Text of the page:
Blog

Be an attention giver – not an attention seeker

I’m an attention seeker. You probably are too.

I don’t throw tantrums like my two-year-old self anymore to get attention. I’ve gotten smarter about it. I go out and achieve things so that you’ll give me recognition. I make sure I am the smartest person in the room so that you’ll listen to my ideas. I cultivate thousands of followers on social media to feel important. I collect titles and degrees so that I can impress you with my knowledge. I get promoted so that you have to do what I say. I win tournaments so for a brief moment I am the centre of attention on a grand stage.

I’m an attention junkie in search of my next hit.

 

Why do we crave attention so much?

Tony Robbins put it perfectly. Humans have two needs – to feel like we are enough, and to feel loved. For most people the two are linked. If you are not enough then you won’t be loved. If you are not smart enough, funny enough, pretty enough, skinny enough, accomplished enough, strong enough, earning enough, ‘fill in the blank’ enough… then you will not be worthy of love.

And how do you measure if you are enough? And if you are loved? The simplest answer is attention.

When you give someone your attention you are telling them that they are worthwhile. That spending my time on you is worth it. That giving you a slice of my energy is a good investment. That gifting you with my focus is meaningful. That you deserve to be the centre of my world for an hour or a minute or a second. That you are enough. And therefore that you are loved.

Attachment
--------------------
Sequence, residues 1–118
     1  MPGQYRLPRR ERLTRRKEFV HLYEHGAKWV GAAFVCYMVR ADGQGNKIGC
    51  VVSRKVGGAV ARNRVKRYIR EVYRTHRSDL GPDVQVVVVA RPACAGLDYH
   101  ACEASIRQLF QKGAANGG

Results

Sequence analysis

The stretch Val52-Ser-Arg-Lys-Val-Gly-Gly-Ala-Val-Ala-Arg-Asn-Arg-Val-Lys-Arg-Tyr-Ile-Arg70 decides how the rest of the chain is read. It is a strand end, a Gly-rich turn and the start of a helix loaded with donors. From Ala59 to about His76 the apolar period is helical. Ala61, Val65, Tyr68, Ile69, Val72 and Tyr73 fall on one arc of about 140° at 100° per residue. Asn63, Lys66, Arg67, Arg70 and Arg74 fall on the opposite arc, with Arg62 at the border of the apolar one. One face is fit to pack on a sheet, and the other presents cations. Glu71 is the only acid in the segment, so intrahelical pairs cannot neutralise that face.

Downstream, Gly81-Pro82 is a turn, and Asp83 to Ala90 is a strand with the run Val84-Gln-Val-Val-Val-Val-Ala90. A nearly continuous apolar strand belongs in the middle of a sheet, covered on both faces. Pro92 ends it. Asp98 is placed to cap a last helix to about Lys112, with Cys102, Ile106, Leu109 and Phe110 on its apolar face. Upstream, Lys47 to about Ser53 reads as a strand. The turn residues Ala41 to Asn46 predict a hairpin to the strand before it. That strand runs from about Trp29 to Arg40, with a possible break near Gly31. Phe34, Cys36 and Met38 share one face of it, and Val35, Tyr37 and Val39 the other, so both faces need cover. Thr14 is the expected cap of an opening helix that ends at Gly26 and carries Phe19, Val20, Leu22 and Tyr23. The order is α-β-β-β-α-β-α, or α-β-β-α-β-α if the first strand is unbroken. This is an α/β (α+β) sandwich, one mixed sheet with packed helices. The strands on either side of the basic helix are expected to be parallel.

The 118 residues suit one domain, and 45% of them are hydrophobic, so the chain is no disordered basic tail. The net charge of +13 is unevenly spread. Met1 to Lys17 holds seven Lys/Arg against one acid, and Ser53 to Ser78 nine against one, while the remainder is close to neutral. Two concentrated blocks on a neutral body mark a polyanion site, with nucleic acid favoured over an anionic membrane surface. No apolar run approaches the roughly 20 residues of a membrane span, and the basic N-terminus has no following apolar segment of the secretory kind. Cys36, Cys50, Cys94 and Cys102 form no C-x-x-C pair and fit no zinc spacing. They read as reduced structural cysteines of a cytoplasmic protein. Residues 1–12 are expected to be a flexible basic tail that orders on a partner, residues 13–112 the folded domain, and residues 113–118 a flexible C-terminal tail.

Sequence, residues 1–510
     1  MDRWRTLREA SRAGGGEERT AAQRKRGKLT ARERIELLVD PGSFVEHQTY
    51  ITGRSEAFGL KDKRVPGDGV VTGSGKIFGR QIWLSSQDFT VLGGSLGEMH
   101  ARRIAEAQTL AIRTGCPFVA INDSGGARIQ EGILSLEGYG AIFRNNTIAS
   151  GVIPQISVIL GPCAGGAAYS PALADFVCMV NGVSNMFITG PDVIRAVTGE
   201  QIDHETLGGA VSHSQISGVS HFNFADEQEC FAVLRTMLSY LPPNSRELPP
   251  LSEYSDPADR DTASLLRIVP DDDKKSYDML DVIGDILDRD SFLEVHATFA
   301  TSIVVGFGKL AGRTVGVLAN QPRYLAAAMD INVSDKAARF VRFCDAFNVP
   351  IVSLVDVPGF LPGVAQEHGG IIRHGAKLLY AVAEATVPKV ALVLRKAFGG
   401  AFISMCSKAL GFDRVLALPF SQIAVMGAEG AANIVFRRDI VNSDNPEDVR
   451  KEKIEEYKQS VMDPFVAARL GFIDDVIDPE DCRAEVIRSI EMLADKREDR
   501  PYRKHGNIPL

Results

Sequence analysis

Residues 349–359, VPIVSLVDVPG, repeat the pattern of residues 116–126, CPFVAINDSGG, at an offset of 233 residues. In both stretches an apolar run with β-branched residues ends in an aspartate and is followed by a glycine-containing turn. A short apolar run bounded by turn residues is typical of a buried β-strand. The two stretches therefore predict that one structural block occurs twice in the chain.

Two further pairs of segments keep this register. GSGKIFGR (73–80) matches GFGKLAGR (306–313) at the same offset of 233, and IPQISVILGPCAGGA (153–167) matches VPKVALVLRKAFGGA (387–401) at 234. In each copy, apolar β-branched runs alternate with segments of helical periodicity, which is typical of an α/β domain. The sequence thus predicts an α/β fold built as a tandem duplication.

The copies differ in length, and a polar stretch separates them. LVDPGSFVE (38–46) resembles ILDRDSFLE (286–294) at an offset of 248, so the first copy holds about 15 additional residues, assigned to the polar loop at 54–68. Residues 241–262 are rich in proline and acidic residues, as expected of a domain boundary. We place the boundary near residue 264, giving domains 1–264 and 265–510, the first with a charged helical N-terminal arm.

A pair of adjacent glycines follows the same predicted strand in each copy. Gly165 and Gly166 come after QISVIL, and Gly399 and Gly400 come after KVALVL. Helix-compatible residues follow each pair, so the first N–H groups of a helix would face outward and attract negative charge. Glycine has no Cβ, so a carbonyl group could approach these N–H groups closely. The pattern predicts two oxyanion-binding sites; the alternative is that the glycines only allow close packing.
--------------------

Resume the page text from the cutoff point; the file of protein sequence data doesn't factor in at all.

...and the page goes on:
This year I’ve been experimenting with attention. Namely, giving it away. It costs you little to nothing. Makes you feel good inside. And it often results in you getting some attention back (gotta love virtuous cycles).

 

A few of the things I’ve tried:

Unexpected compliments. Have you ever been having a crappy day and out of the blue a stranger tells you that you look stunning in that outfit? It makes your day, and it took them five seconds to do. I feel so strongly about the power of giving away this small slice of positive attention that I wrote ‘give one unexpected compliment per day’ on my list of goals and habits for the year. Your compliment can range from ‘you have fabulous posture’ to ‘the way you handled that difficult situation was so impressive’ to ‘I overheard some of your team members talking about how much they love working for you, and that they’d follow you to a new team if you moved’. Compliments can also be written down to make them even more meaningful to people. To make this really work, your compliment (spoken or written) needs to have three elements:

  • Specificity – be detailed, not general, about the good you see in the person